When you’re a stay-at-home mom, it’s easy to become isolated in the bubble of home life — so many people to take care of, so many meals to make, so much laundry to do and so much work in general. Staying at home with kids truly is a full-time job in and of itself (complete with lots of unpaid overtime hours).
So, when you’re finally ready to reenter the workforce, will you be able to add those stay-at-home mom skills to your resume? How will you fill in the gaps in your professional experience due to your time spent at home? Writing a resume after so much time out of the professional world can be challenging.
You know you have valuable skills. It’s just a matter of marketing those skills to employers in ways they’ll understand. With the right formatting and creative thinking, your stay-at-home mom skills can be transformed into resume language that will appeal to employers and land you the job you deserve.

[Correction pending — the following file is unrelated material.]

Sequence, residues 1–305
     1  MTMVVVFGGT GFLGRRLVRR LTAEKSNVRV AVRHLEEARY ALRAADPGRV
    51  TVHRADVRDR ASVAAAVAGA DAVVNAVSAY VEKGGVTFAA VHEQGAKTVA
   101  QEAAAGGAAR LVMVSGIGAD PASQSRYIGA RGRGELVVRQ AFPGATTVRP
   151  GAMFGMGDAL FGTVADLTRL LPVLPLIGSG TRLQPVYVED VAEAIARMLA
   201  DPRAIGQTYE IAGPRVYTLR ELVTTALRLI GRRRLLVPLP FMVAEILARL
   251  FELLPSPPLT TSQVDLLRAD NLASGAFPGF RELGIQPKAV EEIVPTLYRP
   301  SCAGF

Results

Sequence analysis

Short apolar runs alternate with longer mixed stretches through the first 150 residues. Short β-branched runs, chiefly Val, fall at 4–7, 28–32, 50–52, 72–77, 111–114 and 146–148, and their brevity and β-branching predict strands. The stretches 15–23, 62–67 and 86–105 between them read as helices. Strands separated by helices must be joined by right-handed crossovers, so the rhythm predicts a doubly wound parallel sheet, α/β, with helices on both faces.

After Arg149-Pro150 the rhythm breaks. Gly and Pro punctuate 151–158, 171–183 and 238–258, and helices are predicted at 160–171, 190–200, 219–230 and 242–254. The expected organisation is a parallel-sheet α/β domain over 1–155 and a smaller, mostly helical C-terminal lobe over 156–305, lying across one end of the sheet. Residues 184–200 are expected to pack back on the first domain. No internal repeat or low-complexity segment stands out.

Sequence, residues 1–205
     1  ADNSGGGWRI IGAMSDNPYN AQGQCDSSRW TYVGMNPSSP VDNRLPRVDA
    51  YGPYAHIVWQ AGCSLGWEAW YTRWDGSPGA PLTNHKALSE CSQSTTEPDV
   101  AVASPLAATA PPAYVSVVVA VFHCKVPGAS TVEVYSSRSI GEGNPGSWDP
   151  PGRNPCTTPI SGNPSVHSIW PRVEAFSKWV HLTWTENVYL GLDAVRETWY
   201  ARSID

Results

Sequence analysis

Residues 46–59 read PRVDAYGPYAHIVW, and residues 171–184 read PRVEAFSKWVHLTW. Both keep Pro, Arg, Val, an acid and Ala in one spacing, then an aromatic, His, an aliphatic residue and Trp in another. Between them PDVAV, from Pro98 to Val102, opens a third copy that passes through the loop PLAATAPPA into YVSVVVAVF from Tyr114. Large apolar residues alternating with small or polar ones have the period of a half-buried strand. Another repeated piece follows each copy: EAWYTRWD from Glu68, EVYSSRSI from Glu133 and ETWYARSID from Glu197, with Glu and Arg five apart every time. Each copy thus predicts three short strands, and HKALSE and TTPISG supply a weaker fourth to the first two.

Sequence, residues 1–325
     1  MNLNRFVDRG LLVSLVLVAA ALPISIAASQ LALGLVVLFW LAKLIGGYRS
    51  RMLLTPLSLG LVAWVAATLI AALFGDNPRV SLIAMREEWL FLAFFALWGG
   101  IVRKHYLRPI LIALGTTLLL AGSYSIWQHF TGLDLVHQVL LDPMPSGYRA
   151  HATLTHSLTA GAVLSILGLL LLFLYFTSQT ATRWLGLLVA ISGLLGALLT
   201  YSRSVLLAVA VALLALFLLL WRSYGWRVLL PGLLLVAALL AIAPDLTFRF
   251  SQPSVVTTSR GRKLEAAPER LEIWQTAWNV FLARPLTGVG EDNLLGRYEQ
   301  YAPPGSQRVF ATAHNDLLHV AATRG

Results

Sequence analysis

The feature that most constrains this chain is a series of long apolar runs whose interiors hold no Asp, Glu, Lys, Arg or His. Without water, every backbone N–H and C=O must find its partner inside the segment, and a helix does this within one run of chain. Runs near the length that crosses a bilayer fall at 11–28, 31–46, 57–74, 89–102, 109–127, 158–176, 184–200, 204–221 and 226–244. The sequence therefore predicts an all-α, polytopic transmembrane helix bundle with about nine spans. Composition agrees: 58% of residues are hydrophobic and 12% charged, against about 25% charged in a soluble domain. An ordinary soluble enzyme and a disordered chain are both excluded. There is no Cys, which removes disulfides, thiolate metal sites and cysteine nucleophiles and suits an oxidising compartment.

Resume formats for stay-at-home moms.
The first step to putting together a resume is choosing its format. The most common resume format is chronological, which emphasizes your work history. Other types include functional, which focuses on qualifications and skills, and combination, which contains a little of both chronological and functional. The right resume format is crucial for catching the attention of job recruiters.
Chronological formatting is the most common resume style because employers prefer looking over applicants’ entire work histories. Don’t hesitate to use a chronological format, even if you’re afraid employers will see a large employment gap and assume a lack of experience.
If your resume does have gaps, simply fill them in with a description of what you were doing during those times. Write something like